The design show is hosted principally at St. Ann’s Warehouse and Mark Jupiter’s in DUMBO, but this year saw that expand to four additional locations in the neighborhood.
“[The] BKLYN Designs show isn’t just Brooklyn’s premier design event, it’s a showcase for the kinds of jobs that are attracting the talented and creative people to our borough and driving economic activity here to new heights,” Brooklyn Chamber of Commerce President Carlo Scissura said.
Designers must apply to be showcased and are selected by a committee including editors from International Design Magazine, New York Magazine and remodelista.com.
Fifty Brooklyn-based designers exhibited their work, and this year they were joined by ten designers from Osaka, Japan, whose work has been inspired by Brooklyn.
“BKLYN Designs has become a must-visit show, not just for New York’s design community, but for designers everywhere who want to see the next big thing in design,” Chamber of Commerce Board Chair Denise Arbesu said. “The inclusion of Brooklyn-inspired designers from Japan this year shows just how far Brooklyn has come as a brand that the whole world wants to be associated with.”
Designers were excited to display their work for the thousands of people expected to walk through the exhibits. For many this was their first trade show — an indicator of the true up-and-coming nature of the showcase.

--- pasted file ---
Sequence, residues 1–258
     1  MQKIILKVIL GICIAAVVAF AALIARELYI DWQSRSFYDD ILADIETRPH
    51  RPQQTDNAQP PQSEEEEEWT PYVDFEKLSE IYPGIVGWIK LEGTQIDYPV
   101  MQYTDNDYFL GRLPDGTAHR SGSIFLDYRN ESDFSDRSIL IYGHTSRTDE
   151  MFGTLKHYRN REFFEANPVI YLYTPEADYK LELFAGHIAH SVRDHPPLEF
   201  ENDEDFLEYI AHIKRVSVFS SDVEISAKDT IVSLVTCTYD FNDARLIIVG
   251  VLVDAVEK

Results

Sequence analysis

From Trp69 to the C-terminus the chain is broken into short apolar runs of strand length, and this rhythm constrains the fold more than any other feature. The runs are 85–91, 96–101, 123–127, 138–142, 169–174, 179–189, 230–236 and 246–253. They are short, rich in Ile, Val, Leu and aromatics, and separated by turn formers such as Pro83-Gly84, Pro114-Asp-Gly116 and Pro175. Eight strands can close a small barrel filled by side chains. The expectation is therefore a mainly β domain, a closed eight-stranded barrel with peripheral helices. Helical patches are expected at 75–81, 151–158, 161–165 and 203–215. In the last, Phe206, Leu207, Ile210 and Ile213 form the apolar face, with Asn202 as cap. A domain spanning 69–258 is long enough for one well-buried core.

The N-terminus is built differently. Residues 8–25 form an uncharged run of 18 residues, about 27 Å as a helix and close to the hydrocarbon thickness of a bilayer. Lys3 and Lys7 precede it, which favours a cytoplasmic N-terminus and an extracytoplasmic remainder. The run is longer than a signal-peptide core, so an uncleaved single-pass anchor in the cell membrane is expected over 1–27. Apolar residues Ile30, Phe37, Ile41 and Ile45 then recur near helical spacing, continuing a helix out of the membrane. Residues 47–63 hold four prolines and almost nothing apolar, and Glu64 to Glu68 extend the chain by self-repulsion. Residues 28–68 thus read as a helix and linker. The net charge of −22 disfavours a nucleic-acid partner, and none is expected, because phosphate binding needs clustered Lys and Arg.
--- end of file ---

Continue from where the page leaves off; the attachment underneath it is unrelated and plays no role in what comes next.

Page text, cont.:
Romina Gonzales and Edison Zapata, who create distorted glass lighting and vessels for their company Off Centre, met each other two years ago in Brooklyn and have been working together ever since.
Their designs are inspired by other materials, such as string or paper, which can be seen in the uneven and imperfect surfaces of the glass fixtures they make.
“In glass, everyone blows in molds, or they’re all about being symmetrical,” Zapata said. “We want to get totally away from that.”
“I’m very excited,” he added. “We heard good things about BKLYN Designs.”
Aaron Schiller, who is an architect and furniture designer, has been around BKLYN Designs for awhile, though this was his first year showing work from his own company, Schiller Designs.
“I used to prototype furniture as an intern and a fabrication assistant for people who showed here, so it was kind of nice and full cycle for me to come here,” Schiller said.